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Copyright by: Beryn Harty, 2014
Small butterfly with a wingspan up to 2 inches. The body and wings are brown. The forewing has large clear or yellowish spots, with a dark brown band on the underside. A band of the lighter body color extends almost through the dark brown band. The underside of the hindwing has two bands of pale spots. The fringes of the two long tails are checkered. The caterpillar is green, or occasionally brown, with a dark brown or black head, a chain of yellow spots with a dark border along each side, and a dark line down the back.
North America north to California, West Indies, Central America, South America.
Distribution and Abundance in Florida:
Common; adults and caterpillars present all year in Florida. Tends to move north in Florida during the late summer and fall.
Hammocks, forest edges, and disturbed areas such as roadsides and overgrown fields.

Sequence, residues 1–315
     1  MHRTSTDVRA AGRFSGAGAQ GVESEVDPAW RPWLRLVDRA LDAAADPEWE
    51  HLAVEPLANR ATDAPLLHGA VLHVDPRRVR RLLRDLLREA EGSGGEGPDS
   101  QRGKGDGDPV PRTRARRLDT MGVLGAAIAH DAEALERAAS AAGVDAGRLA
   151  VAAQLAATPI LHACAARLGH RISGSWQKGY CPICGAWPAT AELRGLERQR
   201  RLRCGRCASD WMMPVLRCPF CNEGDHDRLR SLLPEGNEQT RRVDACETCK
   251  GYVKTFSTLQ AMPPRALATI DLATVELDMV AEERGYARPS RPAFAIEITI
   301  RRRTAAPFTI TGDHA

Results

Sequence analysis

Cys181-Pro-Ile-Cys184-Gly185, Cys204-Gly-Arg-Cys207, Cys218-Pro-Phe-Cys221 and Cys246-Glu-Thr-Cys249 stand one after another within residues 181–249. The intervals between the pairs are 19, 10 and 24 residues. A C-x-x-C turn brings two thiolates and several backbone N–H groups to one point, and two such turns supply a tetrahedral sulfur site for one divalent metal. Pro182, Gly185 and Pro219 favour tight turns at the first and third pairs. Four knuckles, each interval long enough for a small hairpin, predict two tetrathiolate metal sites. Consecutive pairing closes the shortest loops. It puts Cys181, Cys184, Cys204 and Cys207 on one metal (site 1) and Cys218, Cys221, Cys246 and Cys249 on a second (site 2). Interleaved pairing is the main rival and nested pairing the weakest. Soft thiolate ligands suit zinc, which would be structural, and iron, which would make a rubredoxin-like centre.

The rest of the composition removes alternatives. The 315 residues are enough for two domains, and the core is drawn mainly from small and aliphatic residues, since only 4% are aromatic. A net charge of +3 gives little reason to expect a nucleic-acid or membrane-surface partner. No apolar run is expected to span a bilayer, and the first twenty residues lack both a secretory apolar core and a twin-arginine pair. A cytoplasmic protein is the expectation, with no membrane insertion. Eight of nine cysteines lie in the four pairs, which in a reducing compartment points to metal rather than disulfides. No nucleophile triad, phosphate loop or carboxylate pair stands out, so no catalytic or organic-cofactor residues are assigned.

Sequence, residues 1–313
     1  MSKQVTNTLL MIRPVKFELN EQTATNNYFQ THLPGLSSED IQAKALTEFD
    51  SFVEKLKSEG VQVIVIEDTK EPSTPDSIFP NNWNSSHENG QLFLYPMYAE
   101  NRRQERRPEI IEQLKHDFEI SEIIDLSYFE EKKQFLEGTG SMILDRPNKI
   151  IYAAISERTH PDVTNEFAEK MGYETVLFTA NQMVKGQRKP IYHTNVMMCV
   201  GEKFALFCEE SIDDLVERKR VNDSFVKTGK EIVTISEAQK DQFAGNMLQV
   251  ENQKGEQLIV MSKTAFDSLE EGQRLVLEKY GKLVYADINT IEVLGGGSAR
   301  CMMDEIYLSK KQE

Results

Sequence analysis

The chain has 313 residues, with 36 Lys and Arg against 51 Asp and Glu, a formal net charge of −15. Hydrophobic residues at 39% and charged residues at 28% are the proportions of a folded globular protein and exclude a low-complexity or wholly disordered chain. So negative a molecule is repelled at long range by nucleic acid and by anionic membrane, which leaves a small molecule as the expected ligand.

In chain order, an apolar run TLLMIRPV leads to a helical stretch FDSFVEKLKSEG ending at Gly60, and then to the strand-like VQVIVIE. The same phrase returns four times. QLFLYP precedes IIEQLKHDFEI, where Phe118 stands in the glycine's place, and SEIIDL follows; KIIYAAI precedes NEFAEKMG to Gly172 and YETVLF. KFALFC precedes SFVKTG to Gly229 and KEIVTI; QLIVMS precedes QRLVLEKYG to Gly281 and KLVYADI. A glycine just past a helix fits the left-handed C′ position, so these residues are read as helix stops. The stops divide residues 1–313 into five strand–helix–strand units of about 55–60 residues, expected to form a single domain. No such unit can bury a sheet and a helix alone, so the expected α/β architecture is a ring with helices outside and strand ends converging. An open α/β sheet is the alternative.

Three or more broods per year. The greenish eggs are laid singly on the leaves and flower stalks of the host plants.
This butterfly spends much of its time perching upside down under leaves; it rarely lands with its wings open.
Larval host plants include the native beggar's-ticks (Desmodium incanum) and cow-pea (Vigna luteola) and the nonnative Dixie ticktrefoil (Desmodium tortuosum). Nectar plants include the native Spanish-needles (Bidens alba var. radiata), narrowleaf yellowtops (Flaveria linearis), wild-sage (Lantana involucrata), snow squarestem (Melanthera nivea) and blue porterweed (Stachytarpheta jamaicensis) and the nonnative Mexican flamevine (Pseudognoxys chenopodioides).